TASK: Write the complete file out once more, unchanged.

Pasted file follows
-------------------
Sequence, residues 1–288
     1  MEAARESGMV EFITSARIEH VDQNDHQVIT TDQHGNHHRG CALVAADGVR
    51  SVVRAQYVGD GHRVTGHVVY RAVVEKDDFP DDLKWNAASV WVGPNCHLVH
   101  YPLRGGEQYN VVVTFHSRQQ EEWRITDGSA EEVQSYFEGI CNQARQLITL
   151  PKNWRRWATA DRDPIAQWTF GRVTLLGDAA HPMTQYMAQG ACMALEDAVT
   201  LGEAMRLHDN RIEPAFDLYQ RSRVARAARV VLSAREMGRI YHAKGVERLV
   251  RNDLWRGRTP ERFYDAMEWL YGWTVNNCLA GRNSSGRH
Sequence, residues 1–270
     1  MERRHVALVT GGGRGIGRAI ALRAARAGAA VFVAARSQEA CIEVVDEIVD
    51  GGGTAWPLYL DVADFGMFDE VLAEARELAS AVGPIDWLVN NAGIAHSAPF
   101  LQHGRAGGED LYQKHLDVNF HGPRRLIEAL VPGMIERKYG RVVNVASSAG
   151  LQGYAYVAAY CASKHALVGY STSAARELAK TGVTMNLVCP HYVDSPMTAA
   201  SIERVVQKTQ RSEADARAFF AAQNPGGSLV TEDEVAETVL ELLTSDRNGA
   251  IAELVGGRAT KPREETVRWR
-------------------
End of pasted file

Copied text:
Sequence, residues 1–288
     1  MEAARESGMV EFITSARIEH VDQNDHQVIT TDQHGNHHRG CALVAADGVR
    51  SVVRAQYVGD GHRVTGHVVY RAVVEKDDFP DDLKWNAASV WVGPNCHLVH
   101  YPLRGGEQYN VVVTFHSRQQ EEWRITDGSA EEVQSYFEGI CNQARQLITL
   151  PKNWRRWATA DRDPIAQWTF GRVTLLGDAA HPMTQYMAQG ACMALEDAVT
   201  LGEAMRLHDN RIEPAFDLYQ RSRVARAARV VLSAREMGRI YHAKGVERLV
   251  RNDLWRGRTP ERFYDAMEWL YGWTVNNCLA GRNSSGRH
Sequence, residues 1–270
     1  MERRHVALVT GGGRGIGRAI ALRAARAGAA VFVAARSQEA CIEVVDEIVD
    51  GGGTAWPLYL DVADFGMFDE VLAEARELAS AVGPIDWLVN NAGIAHSAPF
   101  LQHGRAGGED LYQKHLDVNF HGPRRLIEAL VPGMIERKYG RVVNVASSAG
   151  LQGYAYVAAY CASKHALVGY STSAARELAK TGVTMNLVCP HYVDSPMTAA
   201  SIERVVQKTQ RSEADARAFF AAQNPGGSLV TEDEVAETVL ELLTSDRNGA
   251  IAELVGGRAT KPREETVRWR